The new Fuel Area with the filling jibs (Photo: via Reise House).

 

                                                 The old heating plant next to the coal dump area.

 

                              The warehouses in 1999. Still visible in the foreground: coal remains.

 

      Directional sign at the access road to the U.S. gas station at Bürgermeister-Acker­mann-Straße.

 

                                                        The old gas station and POV repair shop.

 

                                              Main gate of Quartermaster Kaserne / Supply Center.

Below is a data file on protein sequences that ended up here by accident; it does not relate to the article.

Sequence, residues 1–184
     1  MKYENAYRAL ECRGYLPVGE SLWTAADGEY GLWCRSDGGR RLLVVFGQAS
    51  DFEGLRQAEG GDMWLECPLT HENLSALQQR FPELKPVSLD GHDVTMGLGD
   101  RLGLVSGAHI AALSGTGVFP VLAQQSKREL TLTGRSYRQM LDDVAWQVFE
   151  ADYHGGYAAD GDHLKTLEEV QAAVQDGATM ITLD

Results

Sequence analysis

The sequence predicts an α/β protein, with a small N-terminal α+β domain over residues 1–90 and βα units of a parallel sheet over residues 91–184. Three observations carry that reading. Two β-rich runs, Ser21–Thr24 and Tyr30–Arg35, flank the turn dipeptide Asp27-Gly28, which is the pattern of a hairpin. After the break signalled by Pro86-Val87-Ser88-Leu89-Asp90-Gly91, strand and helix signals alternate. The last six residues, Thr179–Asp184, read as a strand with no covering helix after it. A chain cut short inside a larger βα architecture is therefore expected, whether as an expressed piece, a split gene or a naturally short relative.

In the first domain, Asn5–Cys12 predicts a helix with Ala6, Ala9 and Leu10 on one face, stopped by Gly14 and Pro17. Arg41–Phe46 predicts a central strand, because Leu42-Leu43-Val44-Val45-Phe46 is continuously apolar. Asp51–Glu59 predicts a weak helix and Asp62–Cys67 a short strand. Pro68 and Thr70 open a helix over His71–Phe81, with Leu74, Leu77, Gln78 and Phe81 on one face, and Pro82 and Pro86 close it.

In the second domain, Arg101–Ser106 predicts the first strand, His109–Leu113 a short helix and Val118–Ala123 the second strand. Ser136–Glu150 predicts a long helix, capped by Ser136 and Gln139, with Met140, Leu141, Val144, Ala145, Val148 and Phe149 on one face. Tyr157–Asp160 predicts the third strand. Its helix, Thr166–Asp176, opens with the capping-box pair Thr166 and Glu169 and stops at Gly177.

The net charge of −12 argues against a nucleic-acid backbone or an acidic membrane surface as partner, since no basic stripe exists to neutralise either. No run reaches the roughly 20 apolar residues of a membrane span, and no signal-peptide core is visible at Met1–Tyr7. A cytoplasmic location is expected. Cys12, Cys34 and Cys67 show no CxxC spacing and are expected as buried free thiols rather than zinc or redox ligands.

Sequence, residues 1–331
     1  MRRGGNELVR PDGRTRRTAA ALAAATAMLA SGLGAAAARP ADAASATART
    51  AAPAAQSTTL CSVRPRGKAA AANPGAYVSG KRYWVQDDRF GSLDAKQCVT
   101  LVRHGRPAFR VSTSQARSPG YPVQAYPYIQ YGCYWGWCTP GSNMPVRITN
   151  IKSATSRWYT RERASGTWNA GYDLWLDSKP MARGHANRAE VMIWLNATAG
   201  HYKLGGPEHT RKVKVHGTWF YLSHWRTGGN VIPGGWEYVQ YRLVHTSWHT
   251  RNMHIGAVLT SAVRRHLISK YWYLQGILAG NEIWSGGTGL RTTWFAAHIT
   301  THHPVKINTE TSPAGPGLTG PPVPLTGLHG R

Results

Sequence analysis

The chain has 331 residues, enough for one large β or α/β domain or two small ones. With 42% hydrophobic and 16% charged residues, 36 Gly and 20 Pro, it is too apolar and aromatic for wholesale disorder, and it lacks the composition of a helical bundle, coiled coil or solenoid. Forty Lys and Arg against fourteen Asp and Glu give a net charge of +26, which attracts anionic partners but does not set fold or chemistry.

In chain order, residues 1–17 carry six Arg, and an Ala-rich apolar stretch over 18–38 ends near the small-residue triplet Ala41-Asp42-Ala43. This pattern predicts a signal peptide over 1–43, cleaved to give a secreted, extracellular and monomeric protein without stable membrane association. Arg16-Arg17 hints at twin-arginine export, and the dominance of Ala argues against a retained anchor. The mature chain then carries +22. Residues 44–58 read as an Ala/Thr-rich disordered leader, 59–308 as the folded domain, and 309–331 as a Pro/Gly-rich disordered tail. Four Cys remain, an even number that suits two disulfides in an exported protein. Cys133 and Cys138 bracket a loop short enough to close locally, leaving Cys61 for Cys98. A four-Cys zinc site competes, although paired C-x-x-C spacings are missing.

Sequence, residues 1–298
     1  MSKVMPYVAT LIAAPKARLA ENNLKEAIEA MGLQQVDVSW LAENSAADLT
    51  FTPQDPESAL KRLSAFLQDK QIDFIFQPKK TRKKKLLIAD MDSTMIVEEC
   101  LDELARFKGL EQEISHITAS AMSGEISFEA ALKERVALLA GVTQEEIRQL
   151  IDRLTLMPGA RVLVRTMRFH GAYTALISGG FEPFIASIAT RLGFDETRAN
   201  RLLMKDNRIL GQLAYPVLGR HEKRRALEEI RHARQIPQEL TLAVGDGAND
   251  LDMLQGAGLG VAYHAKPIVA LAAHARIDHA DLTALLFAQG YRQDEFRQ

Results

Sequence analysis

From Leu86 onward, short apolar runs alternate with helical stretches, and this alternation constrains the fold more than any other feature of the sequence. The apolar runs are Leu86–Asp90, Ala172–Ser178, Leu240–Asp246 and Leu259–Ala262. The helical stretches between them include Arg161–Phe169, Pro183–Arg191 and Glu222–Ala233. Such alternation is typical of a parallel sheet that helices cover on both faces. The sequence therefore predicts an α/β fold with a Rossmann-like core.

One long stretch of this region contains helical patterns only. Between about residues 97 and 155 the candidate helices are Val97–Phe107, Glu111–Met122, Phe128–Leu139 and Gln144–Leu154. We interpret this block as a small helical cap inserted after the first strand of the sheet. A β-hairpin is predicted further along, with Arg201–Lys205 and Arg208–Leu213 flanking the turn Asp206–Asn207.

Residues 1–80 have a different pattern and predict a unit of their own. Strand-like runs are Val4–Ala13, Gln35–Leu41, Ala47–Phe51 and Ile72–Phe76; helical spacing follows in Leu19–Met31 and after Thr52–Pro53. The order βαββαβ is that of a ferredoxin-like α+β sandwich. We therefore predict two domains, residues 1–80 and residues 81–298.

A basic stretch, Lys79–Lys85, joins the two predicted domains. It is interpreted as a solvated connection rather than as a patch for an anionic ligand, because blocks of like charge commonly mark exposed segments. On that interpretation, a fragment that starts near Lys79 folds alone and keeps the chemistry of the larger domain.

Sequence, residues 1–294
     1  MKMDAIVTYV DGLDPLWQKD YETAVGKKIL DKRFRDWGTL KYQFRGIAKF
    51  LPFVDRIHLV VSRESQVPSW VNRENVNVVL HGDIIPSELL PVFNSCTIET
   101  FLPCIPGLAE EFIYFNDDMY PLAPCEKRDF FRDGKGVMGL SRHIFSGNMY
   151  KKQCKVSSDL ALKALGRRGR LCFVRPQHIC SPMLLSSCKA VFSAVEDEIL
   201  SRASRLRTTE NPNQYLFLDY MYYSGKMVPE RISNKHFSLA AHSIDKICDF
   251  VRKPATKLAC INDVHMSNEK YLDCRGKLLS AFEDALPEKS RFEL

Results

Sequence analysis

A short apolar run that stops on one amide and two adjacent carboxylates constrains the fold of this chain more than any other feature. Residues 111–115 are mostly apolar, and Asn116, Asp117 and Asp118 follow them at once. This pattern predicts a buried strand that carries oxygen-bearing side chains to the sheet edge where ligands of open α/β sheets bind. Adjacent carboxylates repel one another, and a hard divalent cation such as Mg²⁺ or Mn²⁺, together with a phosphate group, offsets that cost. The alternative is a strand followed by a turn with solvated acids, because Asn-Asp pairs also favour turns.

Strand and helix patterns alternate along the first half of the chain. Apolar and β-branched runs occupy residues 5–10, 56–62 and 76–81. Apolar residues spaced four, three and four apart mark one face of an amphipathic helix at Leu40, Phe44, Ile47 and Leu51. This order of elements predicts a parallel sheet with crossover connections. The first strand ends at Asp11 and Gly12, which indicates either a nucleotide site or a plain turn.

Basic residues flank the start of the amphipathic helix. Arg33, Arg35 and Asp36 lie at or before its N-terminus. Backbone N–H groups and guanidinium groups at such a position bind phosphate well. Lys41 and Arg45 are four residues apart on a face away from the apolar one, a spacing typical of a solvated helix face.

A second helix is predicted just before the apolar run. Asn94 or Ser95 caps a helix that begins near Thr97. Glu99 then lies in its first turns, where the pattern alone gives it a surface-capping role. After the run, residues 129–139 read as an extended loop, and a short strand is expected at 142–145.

In 1955, after the construction of the Centerville, Cramerton and Sullivan Heights Housing areas, the Commissary (Bldg 91) was added at the western perimeter of QM. It provided for the tremendous demand for food supply by the many American families that had moved to Augsburg. Other requirements were covered by the Main PX Shopping Center, extended in 1977, where all kinds of duty and surcharge free US goods were available - six days a week from morning till night. Like all U.S. stores, the PX was “Off Limits” to Augsburgers. Certain goods that seemed to be ideal for illegal resale, e.g. cigarettes and hard liquors, were limited per (ID card holding) customer. Of course, Bavarian and Augsburg souvenirs could also be purchased here.